Every state has an established deadline within which an injured victim must either settle a personal injury claim or file a civil lawsuit. Under Georgia law, the statute of limitations for personal injury claims is set at two years.
If the claim is not settled and a lawsuit has not been filed within the two-year time period, there is usually nothing that can be done to resurrect the claim and pursue it. A court will almost certainly refuse to hear your case and you lose your right to compensation. There are some exceptions to this which might extend the general rule so please immediately consult with your attorney regarding any claim.
Here is a general list of what kind of accidents fall under the personal injury statute of limitation in Georgia:
- Car accidents
- Motorcycle accidents
- Truck accidents
- Pedestrian accidents
- Drowning accidents
- Bicycle accidents
- Defective products
- Nursing home abuse
When Does the Statute of Limitations Begin?
In most circumstances, the clock starts on a personal injury claim the day the accident or injury happens. However, in certain situations, the statute of limitations isn’t triggered until you discover that you were harmed and your injury becomes apparent.
Most personal injury claims settle out of court, but getting started on your case quickly leaves you more time to negotiate a settlement or turn to the court system if negotiations with the at-fault party’s insurance company fall through.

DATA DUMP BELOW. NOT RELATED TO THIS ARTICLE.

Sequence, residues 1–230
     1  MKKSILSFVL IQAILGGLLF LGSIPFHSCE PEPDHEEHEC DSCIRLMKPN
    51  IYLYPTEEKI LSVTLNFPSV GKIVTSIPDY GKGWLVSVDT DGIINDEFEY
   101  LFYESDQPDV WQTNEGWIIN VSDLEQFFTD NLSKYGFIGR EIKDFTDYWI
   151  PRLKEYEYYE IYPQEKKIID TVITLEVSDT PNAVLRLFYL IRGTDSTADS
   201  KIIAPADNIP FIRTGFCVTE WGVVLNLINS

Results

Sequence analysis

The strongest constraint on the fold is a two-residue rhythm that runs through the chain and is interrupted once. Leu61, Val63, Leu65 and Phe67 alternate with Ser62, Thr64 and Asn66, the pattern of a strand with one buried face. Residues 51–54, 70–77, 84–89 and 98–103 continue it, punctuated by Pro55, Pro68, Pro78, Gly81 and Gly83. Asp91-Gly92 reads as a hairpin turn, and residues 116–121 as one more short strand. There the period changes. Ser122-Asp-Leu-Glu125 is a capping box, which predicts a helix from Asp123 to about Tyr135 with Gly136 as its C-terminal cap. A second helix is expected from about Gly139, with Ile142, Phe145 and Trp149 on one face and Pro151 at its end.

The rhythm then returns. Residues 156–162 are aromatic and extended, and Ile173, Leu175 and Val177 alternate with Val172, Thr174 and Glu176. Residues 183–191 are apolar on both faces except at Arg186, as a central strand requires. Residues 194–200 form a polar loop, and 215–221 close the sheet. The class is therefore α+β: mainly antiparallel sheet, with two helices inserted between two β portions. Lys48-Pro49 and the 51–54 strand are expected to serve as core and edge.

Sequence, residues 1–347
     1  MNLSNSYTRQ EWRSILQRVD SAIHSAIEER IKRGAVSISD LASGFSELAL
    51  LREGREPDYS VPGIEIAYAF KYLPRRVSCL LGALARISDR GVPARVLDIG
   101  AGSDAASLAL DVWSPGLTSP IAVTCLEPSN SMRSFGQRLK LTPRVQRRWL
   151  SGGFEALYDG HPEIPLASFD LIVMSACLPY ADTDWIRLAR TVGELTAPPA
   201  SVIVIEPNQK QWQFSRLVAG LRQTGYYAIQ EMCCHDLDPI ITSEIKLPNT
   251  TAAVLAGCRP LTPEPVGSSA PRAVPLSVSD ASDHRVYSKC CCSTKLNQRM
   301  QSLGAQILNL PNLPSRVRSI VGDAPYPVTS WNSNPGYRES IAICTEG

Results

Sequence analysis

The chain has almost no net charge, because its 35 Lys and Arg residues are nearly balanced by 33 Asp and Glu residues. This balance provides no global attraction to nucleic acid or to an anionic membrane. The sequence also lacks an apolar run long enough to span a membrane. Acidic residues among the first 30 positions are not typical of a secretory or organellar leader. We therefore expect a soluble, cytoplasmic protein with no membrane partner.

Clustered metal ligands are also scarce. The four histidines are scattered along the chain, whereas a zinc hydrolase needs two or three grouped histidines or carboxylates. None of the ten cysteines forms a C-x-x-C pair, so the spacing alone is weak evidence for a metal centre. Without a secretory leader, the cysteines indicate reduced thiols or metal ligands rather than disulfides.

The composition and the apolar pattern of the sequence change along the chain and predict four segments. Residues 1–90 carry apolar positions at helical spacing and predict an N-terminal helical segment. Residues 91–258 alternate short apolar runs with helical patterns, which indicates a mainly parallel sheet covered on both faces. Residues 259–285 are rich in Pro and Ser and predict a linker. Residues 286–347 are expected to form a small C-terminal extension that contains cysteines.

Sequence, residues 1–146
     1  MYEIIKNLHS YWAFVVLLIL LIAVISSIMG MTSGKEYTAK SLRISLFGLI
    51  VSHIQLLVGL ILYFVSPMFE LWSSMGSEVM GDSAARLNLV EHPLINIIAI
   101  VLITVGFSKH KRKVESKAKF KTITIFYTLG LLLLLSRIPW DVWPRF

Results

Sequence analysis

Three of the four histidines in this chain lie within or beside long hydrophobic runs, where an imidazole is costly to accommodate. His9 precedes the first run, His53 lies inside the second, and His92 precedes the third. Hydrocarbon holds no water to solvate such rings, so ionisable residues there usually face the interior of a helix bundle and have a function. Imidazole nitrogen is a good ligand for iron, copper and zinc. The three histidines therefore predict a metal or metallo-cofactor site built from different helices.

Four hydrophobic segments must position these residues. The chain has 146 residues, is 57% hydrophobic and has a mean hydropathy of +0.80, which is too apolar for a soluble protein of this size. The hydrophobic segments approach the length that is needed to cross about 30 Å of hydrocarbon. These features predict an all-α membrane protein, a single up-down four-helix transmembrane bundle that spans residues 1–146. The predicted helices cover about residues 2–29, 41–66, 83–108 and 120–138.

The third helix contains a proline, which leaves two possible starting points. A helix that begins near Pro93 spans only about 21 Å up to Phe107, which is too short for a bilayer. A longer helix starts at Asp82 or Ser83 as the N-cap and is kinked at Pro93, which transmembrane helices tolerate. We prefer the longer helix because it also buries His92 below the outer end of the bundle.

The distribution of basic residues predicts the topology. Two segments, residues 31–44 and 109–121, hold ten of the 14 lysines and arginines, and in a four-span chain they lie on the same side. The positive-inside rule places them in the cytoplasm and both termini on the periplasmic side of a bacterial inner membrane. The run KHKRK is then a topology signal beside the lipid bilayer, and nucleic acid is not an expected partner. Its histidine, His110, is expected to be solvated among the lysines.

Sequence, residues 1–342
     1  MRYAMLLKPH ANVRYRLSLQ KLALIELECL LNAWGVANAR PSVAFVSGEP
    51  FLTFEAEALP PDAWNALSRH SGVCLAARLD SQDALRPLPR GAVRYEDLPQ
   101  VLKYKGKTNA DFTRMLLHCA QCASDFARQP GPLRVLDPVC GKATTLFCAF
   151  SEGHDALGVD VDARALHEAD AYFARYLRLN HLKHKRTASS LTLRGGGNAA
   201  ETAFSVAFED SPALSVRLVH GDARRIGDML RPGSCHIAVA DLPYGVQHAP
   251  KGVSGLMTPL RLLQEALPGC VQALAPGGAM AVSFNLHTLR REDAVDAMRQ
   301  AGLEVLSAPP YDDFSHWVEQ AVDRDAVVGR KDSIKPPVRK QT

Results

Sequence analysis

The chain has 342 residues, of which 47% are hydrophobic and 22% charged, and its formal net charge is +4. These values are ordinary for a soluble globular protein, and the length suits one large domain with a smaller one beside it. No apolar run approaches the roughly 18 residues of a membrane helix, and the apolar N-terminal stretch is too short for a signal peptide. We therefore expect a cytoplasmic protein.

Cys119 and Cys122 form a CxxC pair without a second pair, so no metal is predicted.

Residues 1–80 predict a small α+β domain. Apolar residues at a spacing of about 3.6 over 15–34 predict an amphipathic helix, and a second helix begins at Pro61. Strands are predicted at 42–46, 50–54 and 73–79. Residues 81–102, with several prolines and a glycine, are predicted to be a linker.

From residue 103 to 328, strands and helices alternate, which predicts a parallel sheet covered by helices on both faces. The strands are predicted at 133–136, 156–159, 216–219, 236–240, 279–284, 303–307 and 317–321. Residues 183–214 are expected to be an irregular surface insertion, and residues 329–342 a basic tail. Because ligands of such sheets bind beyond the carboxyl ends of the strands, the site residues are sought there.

Can a Statute of Limitations Be Extended?
There are some exceptions that could cause the deadline to be extended. However, it is safer to err on the side of caution and settle or file a Georgia personal injury claim within the two-year period.
If Your Claim Involves a Government Entity
There is one other time limit that you should know about. If your injuries were caused by the negligence of a city, county, or state agency, Georgia law requires you to put the governmental entity on notice of your claim within a set period. This is called an “ante litem” notice.
Failure to file an ante litem notice could eliminate your claim completely. Do not delay in strictly complying with the notice requirements.
The deadlines are as follows:
- City: Notice must be given within six months of the injury.
- County: Notice must be given within 12 months of the injury.
- State: Notice must be given within 12 months of the injury.
The contents of what must be included in these notices vary greatly depending upon which governmental entity is responsible. If your case was caused by a government agency, do yourself a favor and hire a lawyer experienced in handling these claims.
Consult With an Atlanta Personal Injury Lawyer
Not all causes of action have the same two-year statute of limitation. Some actions may have a one-year statute of limitations, while others could be much longer.
To find out which statute of limitations applies to your personal injury case, I highly suggest a consultation with one of our experienced personal injury attorneys regarding the specific facts of your claim.
Injured victims who at least talk to a lawyer have a much higher chance of winning their personal injury claims than those who try to do it all themselves.
At Gary Martin Hays & Associates, we understand the complicated web of deadlines and requirements that go into filing a personal injury claim for incidents like a car accident or a tractor-trailer wreck.
Don’t delay in learning your rights or filing a claim. Talk to our team of accident injury attorneys today at (770) 934-8000.